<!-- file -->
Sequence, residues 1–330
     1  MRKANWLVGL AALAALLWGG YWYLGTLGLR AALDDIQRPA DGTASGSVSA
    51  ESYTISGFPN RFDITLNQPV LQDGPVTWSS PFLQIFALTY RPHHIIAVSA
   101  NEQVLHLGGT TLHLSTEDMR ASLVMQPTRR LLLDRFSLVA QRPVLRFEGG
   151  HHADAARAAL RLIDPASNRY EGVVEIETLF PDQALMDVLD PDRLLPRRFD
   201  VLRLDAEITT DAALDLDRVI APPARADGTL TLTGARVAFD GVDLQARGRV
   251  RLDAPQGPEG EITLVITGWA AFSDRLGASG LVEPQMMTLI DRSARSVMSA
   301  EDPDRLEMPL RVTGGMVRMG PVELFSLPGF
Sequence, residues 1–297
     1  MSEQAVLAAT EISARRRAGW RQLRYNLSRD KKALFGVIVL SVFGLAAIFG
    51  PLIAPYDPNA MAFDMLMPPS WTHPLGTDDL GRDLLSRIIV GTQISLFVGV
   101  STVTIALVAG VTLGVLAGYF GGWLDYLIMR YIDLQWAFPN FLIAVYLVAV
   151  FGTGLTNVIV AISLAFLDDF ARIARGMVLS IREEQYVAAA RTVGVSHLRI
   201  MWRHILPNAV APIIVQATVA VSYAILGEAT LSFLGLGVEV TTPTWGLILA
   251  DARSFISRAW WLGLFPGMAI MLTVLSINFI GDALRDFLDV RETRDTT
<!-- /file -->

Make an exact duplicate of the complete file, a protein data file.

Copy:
Sequence, residues 1–330
     1  MRKANWLVGL AALAALLWGG YWYLGTLGLR AALDDIQRPA DGTASGSVSA
    51  ESYTISGFPN RFDITLNQPV LQDGPVTWSS PFLQIFALTY RPHHIIAVSA
   101  NEQVLHLGGT TLHLSTEDMR ASLVMQPTRR LLLDRFSLVA QRPVLRFEGG
   151  HHADAARAAL RLIDPASNRY EGVVEIETLF PDQALMDVLD PDRLLPRRFD
   201  VLRLDAEITT DAALDLDRVI APPARADGTL TLTGARVAFD GVDLQARGRV
   251  RLDAPQGPEG EITLVITGWA AFSDRLGASG LVEPQMMTLI DRSARSVMSA
   301  EDPDRLEMPL RVTGGMVRMG PVELFSLPGF
Sequence, residues 1–297
     1  MSEQAVLAAT EISARRRAGW RQLRYNLSRD KKALFGVIVL SVFGLAAIFG
    51  PLIAPYDPNA MAFDMLMPPS WTHPLGTDDL GRDLLSRIIV GTQISLFVGV
   101  STVTIALVAG VTLGVLAGYF GGWLDYLIMR YIDLQWAFPN FLIAVYLVAV
   151  FGTGLTNVIV AISLAFLDDF ARIARGMVLS IREEQYVAAA RTVGVSHLRI
   201  MWRHILPNAV APIIVQATVA VSYAILGEAT LSFLGLGVEV TTPTWGLILA
   251  DARSFISRAW WLGLFPGMAI MLTVLSINFI GDALRDFLDV RETRDTT